Re: Get rid of the lib64 dir?
On 04-May-08 12:39, Stephen Frost wrote:
> * Andreas Jochens (email@example.com) wrote:
> > This could easily be changed to '/lib/ld-linux-x86-64.so.2' or
> > something else. However, as I understand it, the current
> Erm, AIUI you'd have to recompile everything if you change the location
> of the interpreter.
If we would not provide a compatibility symlink at the old location,
we would have to recompile everything. Since there is no
official archive yet, even that would be possible. I compiled about
11500 binary packages for 'pure64' and I will recompile them all, if
this proves to be necessary to support a good solution to the
'lib64' issue. However, I am not sure about the best solution at
> > FHS/LSB standards require the 64bit program interpreter to be in
> > '/lib64'. But this will certainly change once the FHS and LSB
> > implement the multiarch proposal. Maybe we should make a real
> Erm, that assumes they will. I wouldn't exactly bet on it. :)
Of course, you are right. However, if Debian implements a good
working multiarch solution this will certainly make decisions easier.
> > '/lib64' directory (not a symlink to '/lib') with just a symlink to the
> > program interpreter in it to conform with the standards - at least until
> > the standards have been adapted to multiarch.
> How does making the actual interpreter a symlink satisfy the standard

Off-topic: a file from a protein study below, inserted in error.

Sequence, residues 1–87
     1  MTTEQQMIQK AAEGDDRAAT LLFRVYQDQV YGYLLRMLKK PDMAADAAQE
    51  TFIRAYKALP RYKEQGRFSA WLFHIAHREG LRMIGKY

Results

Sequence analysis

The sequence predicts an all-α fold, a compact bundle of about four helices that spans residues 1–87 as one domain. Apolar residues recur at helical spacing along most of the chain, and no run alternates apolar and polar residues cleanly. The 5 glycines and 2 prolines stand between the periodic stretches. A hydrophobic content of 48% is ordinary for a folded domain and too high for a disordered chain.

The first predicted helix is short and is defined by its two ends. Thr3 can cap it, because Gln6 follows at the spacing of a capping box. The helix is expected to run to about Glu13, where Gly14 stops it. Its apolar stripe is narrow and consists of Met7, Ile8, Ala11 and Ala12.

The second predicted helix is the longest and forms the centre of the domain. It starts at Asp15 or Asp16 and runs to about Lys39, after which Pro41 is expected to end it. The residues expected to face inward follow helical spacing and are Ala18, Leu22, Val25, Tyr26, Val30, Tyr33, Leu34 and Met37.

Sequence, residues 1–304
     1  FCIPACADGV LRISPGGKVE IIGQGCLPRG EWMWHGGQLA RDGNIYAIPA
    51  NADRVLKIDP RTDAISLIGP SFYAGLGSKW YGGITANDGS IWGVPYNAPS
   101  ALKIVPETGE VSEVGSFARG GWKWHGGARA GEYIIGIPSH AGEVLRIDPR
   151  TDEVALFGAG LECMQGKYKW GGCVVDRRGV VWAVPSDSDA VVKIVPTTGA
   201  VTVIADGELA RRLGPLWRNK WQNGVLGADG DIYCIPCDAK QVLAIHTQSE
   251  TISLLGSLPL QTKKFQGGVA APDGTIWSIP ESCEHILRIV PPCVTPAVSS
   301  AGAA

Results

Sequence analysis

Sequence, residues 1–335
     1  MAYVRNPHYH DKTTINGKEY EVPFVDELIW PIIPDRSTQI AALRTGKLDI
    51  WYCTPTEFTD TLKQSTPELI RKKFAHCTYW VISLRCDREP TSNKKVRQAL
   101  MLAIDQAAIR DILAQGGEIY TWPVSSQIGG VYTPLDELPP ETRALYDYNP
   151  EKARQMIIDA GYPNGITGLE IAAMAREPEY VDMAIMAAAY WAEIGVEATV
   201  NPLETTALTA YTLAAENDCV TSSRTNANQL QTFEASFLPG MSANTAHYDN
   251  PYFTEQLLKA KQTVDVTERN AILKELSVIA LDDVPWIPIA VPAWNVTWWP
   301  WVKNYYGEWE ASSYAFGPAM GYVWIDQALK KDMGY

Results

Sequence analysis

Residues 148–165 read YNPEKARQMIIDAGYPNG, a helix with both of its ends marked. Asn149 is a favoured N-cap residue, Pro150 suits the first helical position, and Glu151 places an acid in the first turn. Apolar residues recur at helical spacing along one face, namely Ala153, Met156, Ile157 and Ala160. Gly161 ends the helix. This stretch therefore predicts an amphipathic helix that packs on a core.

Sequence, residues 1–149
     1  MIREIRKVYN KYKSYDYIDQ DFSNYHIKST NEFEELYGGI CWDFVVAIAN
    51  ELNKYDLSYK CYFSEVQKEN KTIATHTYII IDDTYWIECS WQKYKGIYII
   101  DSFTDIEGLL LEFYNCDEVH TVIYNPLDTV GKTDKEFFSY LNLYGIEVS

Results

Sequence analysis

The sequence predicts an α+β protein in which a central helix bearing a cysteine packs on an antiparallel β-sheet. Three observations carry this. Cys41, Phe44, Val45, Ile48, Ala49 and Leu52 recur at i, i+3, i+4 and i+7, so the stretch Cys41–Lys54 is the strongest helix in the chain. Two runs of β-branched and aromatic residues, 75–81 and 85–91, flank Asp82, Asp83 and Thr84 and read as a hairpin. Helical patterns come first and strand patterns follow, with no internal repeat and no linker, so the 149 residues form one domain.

> where having the directory symlink'd doesn't?
We could also put the interpreter directly in a real '/lib64' directory
without any symlinks. This would satisfy the standards. I have tried
this and it doesn't seem to make any problems in the 'pure64' context.
What solution to the '/lib64' issue would you prefer?
I think we have basically three options at the moment:
1. Make /lib64 a symlink to /lib (and do not install any 32bit libraries)
This is what 'pure64' does now. (Gentoo does the same, so at least we
would not be alone with this approach).
2. Make /lib64 a real directory and put just the interpreter in it.
All other libraries go to /lib.
3. Make /lib64 a real directory and put the interpreter in it.
Compile some things like gcc and libc6 as multilib/biarch and put the
32bit libraries in /lib and the 64bit libraries in /lib64. All
other libraries go to /lib.
I do not yet know which of those options would be the best. Maybe we
should stay with Option 1. which is implemented in 'pure64' now for the
moment. I think it will be possible to change things later without
breaking too many things.